A “go bag” was supposed to contain the essentials:

  • a first aid kit
  • food, water… and water purification tablets
  • blanket
  • change of clothes
  • cash and a spare credit card… the latter proved optimistic, as bushfires and telecoms equipment don’t like each other much.
  • battery-powered radio and spare batteries… so you could stay informed of further evacuation warnings, and arrangements for emergency shelters.

After the first time we had need to use our “go bags“, my father also made sure we each carried something sufficiently sharp and hefty to deter looters or the unwelcome advances of over-friendly “Good Samaritans”.

Natural disasters bring out the best in some people… but the absolute worst in an awful lot more!

When faced with evacuation some people panic load all their possessions into, onto, and towed behind their vehicles. Without fail, one of these overloaded cars or trailers would lose their load going around the first bend. This blocked the road, potentially trapping their neighbours in the path of a raging firestorm.

Bush fire. Image credit: skeeze.

A sense of impending doom. Image credit: skeeze.

There is no place like home

Over the years I’ve persisted with the practice of maintaining a “go bag”.

The threats have evolved with each geographic relocation and life phase. Bushfires giving way to unfavourable immigration decisions, week-long blackouts, and ailing elderly relatives.

These days mine isn’t as fully stocked as the consultant carry-on suitcase, nor as “prepper ready” as my father’s “go bag” once was.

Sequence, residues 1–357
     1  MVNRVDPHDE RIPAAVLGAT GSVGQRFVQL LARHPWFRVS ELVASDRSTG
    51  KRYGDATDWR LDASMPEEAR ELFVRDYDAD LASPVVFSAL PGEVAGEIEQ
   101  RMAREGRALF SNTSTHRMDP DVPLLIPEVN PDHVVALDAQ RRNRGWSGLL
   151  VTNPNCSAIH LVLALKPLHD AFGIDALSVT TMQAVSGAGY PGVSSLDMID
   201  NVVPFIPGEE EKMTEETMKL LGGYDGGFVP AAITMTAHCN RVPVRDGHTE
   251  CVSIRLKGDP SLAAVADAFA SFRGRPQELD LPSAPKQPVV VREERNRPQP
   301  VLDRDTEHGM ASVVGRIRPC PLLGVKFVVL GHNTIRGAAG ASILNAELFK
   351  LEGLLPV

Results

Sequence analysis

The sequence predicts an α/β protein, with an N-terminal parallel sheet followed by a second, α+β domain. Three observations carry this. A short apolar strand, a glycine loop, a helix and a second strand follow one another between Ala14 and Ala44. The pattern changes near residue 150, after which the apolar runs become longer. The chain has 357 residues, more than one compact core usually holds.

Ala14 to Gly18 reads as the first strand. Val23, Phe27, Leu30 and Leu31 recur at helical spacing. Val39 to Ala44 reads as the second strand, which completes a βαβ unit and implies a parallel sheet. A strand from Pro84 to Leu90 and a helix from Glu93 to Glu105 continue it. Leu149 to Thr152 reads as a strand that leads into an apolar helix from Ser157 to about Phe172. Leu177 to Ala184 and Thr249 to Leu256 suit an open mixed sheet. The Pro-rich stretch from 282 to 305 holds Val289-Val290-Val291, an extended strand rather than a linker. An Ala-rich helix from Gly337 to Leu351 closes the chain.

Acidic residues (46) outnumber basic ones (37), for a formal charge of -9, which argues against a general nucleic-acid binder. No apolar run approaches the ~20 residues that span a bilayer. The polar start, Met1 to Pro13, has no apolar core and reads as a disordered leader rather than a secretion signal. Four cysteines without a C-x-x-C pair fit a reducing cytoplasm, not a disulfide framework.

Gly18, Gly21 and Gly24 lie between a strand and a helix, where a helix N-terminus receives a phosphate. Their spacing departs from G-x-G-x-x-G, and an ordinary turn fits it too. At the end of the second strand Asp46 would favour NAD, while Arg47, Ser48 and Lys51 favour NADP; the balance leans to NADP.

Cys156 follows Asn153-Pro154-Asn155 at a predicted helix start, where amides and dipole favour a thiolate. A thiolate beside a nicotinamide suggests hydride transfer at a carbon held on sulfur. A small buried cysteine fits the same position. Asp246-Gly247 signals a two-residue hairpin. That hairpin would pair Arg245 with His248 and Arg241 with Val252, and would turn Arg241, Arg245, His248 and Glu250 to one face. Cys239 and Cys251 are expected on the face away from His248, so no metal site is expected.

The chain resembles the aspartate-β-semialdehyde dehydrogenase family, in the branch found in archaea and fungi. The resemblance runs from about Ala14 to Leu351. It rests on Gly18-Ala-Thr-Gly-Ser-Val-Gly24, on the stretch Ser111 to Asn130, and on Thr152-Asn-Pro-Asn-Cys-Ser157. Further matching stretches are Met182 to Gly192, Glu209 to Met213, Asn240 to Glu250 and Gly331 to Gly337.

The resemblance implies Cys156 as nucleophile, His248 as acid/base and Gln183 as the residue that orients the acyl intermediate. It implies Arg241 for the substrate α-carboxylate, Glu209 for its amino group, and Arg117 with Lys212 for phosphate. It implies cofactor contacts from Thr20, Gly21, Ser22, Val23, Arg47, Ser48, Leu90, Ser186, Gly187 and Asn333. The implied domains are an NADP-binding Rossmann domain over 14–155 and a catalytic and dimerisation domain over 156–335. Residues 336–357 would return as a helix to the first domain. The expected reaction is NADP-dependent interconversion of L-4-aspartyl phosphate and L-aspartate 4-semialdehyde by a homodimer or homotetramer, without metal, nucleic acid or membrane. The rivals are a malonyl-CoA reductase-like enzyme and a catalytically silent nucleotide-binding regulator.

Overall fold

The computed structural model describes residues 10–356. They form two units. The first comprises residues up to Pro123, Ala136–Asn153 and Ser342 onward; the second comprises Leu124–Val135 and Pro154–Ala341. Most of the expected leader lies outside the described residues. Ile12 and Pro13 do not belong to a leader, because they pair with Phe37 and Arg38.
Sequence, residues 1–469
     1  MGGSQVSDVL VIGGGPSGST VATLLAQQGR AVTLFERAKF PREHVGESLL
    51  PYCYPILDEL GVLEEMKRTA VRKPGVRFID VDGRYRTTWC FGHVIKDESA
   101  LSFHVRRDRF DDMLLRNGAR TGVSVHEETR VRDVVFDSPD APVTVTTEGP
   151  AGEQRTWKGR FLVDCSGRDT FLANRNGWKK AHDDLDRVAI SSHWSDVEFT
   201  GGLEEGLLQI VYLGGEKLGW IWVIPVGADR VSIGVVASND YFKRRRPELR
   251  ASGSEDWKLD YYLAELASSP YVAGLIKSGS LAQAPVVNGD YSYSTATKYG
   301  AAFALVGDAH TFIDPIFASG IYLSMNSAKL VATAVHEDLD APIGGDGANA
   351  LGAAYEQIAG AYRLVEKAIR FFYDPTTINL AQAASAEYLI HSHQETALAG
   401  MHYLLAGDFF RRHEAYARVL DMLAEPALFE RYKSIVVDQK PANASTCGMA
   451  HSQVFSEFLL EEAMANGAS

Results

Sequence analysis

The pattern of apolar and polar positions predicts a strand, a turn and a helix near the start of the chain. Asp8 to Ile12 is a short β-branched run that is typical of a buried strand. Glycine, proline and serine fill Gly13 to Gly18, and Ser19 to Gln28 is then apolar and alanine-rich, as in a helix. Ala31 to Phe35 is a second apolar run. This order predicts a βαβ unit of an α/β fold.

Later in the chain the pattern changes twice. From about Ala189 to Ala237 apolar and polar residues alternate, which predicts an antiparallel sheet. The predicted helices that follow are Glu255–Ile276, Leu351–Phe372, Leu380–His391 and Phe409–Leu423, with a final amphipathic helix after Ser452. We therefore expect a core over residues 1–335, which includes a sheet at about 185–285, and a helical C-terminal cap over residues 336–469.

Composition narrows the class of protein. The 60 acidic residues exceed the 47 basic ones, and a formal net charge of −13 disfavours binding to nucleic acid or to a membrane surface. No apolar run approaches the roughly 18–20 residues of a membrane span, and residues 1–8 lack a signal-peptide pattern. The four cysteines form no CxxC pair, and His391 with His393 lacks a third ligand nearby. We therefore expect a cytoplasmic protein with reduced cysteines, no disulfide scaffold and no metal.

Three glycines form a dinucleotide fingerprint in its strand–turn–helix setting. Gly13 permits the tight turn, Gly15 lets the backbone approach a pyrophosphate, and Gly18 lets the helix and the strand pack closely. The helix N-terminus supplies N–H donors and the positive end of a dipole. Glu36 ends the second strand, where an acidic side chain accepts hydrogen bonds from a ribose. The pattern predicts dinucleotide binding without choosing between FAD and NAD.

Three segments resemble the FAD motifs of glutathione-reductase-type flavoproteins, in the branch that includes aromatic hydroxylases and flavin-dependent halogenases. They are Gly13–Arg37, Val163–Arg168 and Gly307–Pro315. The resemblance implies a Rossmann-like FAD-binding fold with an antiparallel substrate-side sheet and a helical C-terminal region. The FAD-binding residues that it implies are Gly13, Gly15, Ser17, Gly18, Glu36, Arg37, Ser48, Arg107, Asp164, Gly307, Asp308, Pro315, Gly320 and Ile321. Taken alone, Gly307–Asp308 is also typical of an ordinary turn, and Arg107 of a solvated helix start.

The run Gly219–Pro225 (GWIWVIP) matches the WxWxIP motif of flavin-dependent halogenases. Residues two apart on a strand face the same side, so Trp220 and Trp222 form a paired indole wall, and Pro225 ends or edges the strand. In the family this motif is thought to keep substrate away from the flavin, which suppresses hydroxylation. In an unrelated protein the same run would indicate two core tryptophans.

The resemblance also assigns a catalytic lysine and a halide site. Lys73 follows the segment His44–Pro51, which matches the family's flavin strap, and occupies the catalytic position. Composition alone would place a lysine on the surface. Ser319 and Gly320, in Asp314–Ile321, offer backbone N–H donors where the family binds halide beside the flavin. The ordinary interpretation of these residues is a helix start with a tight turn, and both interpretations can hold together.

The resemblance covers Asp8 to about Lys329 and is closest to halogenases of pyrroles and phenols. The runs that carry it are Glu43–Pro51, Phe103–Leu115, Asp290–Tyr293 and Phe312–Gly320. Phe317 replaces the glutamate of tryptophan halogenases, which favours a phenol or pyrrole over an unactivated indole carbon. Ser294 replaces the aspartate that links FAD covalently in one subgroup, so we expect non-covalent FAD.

However it has proven incredibly useful on these rare (but always unexpected) occasions where I’ve needed to drop everything and go.

My general philosophy while travelling has been that providing I have my passport and a valid credit card, then I can buy/replace anything I may need on the road.

That approach has worked out nicely just about everywhere I have been (with the notable exception of Cuba!).

However it operated under the implicit assumption that the credit card would be accepted, and I would have the means to pay off the balance upon my return home.

What if I couldn’t return home?

No way back

What if I had to leave the country unexpectedly?

What if I was prevented from returning?

Such things are hardly unprecedented. Just look at the news headlines:

  • 10 years ago Syria was a prosperous country, today roughly half the population has been displaced.
  • 5 years ago the Crimea was a lovely place to go for a Ukrainian beach holiday. Today it is a reluctant part of Russia.
  • History and popular culture are full of tales of spontaneous destruction: mythical Atlantis, biblical Sodom and Gomorrah, historical Pompeii, and modern-day Plymouth.

Imagine you were told you needed to evacuate your home right now, never to return.

What could you take with you?

Where would you go?

Immediate exit

These are troubling questions. For this thought experiment I will assume I am leaving the country.

Our net worths are constructed from an assorted collection of assets and investments, each of which has different settlement periods, degrees of liquidity, and age restrictions.

Physical cash you could take with you. If you had to flee right this second then you would do so with just your wits and the contents of your purse/wallet! We may live to regret living in a cashless society.

One day’s notice

Cash held at the bank is less certain.

Credit and debit cards are subject to daily withdrawal limits, so that may cramp your style somewhat.

How much of my net worth would be accessible with just one day’s notice? Not a great deal, only 1%!

Net worth - accessible immediately